Perludem Questions Provision on Electoral Districts of New Autonomous Regions in Election Law
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Constitutional Justices Saldi Isra, Wahiduddin Adams, and Manahan M. P. Sitompul at the preliminary hearing of the judicial review of Law No. 7 of 2017 on General Elections, Thursday (9/1/2022). Photo by MKRI/Ifa.


Thursday, September 1, 2022 | 14:43 WIB

JAKARTA (MKRI)—The Constitutional Court (MK) held the preliminary hearing of the judicial review of Law No. 7 of 2017 on General Elections (Election Law) on Thursday, September 1, 2022 in the panel courtroom. the case No. 80/PUU-XX/2022 was filed by the Association for Elections and Democracy (Perludem). One of the legal counsels, Fadli Ramadhanil, conveyed the Petitioner’s challenge against Article 187 paragraph (1), Article 187 paragraph (5), Article 189 paragraph (1), Article 189 paragraph (5), and Article 192 paragraph (1).

Article 187 paragraph (1) reads, “An electoral district in an election of members of the DPR shall be a province, a regency/city, or a combination thereof.” Article 187 paragraph (5) reads, “Electoral districts, as mentioned in paragraph (1), and available seats allocated to each district in an election of members of the DPR as mentioned in paragraph (2) shall be described in further detail by Attachment III, an inseparable part of this law.” Article 189 paragraph (1) reads, “An electoral district in an election of members of Provincial DPRD shall be a regency/city or a combination thereof.” Article 189 paragraph (5) reads, “Electoral district, as mentioned in paragraph (1), and the number of available seats for each district for an election of members of Provincial DPRD as mentioned in paragraph (2) shall be described in further detail by Attachment IV, an inseparable part of this law.” Article 192 paragraph (1) reads, “An electoral district in an election of members of Regency/City DPRD shall be a sub-district or a combination thereof.”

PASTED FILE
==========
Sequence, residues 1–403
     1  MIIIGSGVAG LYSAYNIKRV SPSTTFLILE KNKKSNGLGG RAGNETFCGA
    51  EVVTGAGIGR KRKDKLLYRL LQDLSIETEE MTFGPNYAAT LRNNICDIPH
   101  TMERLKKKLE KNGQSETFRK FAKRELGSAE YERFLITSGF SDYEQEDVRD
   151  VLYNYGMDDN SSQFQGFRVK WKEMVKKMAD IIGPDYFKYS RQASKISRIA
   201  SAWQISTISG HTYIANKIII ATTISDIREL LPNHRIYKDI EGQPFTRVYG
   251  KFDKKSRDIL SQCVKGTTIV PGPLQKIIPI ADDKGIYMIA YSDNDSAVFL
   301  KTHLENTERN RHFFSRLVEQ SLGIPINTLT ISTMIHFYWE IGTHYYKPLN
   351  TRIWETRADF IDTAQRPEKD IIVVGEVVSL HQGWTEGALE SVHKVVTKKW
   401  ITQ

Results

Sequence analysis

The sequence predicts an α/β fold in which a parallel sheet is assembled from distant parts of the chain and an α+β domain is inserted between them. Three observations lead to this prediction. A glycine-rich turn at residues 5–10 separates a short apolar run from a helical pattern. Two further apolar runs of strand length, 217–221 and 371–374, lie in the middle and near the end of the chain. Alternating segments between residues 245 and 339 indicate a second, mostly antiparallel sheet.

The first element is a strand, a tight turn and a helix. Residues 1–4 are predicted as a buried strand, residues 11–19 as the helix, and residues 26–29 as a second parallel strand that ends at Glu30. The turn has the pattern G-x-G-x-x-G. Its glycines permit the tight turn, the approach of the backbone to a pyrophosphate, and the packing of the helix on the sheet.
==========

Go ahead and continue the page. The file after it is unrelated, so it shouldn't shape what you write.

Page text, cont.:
Fadli conveyed an argument that the preparation of electoral districts must fulfill the principles of people’s sovereignty and direct, public, free, confidential, honest, and fair elections. The Petitioner believe general elections are a means to embody popular sovereignty as enshrined in Article 1 paragraph (2) of the 1945 Constitution. Therefore, the preparation of electoral districts is one of the important stages at the beginning of the process of general elections. This is to ensure that representation be carried out through general elections in accordance with the principles of honest, fair, proportional, and democratic elections.

“The electoral district becomes an important variable in the electoral system that functions as a scope or limitation of the administrative area as an arena of competition as well as the number of seats contested by political parties and as an arena for political representation by political parties or candidates and voters,” he explained before Constitutional Justices Saldi Isra (panel chair), Wahiduddin Adams, and Manahan M. P. Sitompul.

Then, legal counsel Heroik Pratama conveyed the other reason of the petition: to prove that the preparation of electoral districts was contrary to the principles and allocation of seats for the House of Representatives (DPR) and the Provincial Regional Legislative Council (DPRD) as regulated in those norms. The main principles are equality of votes, adherence to a proportional electoral system, restriction of seat reallocation, and the formation of new electoral districts for the House and DPRD election in the New Autonomous Region. This norm, Heroik added, regulates the number of seats and regional boundaries in an electoral district of the House election in Appendix III, but does not regulate the mechanism for forming electoral districts for new autonomous regions.